Q:

Why does your body ache when you have the flu?

A:

Quick Answer

During a flu, the body releases chemicals that help the white blood cells fight the infection, which causes aches, pains and soreness, according to Shelley Levitt on CNN Health. It is also common for a person with the flu to experience sneezing, chills, fever, sore throat, runny nose and cough.

Continue Reading
Why does your body ache when you have the flu?
Credit: Tom Merton OJO Images Getty Images

Full Answer

A person who contracts the influenza virus is likely to experience symptoms that last for seven to 10 days, according to Flu.ca. The body constantly fights the virus, resulting in mild to severe soreness. It is also common for people with the flu to experience exhaustion. Age, severity of the flu and location are significant factors that affect the level of pain a person feels when he contracts the flu. Older people often find it harder to flight the sickness. Moreover, the harder the body fights the flu virus, the more severe the pain becomes. Those who live in colder regions also tend to feel secondary aches, as the body typically becomes sore due to cold temperatures.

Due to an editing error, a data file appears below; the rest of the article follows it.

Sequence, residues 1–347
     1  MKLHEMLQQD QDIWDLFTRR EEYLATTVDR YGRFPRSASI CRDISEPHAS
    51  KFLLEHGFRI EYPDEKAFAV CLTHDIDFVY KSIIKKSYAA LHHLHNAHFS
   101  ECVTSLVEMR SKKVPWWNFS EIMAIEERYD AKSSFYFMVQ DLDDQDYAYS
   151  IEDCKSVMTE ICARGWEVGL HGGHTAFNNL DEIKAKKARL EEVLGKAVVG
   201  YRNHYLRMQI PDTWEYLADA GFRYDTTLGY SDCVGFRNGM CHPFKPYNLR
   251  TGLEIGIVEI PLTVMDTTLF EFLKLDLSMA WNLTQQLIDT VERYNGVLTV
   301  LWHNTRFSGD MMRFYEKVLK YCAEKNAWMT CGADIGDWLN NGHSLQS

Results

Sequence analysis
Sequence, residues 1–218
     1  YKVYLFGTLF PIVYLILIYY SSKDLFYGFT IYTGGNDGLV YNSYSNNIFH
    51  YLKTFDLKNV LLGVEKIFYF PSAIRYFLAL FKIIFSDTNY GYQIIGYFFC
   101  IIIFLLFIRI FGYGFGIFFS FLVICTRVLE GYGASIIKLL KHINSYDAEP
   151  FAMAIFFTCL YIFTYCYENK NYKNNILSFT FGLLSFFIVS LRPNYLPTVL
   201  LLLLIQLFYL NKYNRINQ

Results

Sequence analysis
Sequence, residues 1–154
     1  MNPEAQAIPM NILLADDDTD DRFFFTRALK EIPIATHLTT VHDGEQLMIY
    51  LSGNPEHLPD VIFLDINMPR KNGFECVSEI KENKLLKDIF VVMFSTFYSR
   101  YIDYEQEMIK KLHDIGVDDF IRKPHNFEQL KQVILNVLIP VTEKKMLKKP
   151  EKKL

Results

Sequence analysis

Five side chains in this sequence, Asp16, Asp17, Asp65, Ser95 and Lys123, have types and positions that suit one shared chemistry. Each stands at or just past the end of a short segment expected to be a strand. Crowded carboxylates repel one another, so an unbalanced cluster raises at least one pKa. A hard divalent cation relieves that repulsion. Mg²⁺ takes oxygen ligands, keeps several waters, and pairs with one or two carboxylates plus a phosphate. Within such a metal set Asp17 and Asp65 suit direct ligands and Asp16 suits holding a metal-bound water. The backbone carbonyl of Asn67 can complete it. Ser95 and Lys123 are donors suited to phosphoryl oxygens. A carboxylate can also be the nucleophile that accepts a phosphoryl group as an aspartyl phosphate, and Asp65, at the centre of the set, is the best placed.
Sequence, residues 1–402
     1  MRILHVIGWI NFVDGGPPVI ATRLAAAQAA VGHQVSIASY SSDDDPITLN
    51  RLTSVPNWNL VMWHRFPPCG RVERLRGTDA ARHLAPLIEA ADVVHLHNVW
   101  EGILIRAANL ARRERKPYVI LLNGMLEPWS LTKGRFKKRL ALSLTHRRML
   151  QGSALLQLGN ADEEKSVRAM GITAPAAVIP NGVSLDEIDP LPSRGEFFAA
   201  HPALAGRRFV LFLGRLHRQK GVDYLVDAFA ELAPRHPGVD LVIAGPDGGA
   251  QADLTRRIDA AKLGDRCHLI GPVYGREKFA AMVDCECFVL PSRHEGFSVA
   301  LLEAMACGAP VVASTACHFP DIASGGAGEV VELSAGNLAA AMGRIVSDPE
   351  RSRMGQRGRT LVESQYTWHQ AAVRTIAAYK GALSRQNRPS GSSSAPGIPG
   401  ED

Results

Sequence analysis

To relieve sore muscles, Flu.ca recommends drinking plenty of water to hydrate the body and reduce cramps. Dehydration causes the muscles to contract, leading to soreness and cramps. By drinking water, a person lubricates his muscles and gets relief from bodily aches.

Learn more about Cold & Flu

Related Questions

Explore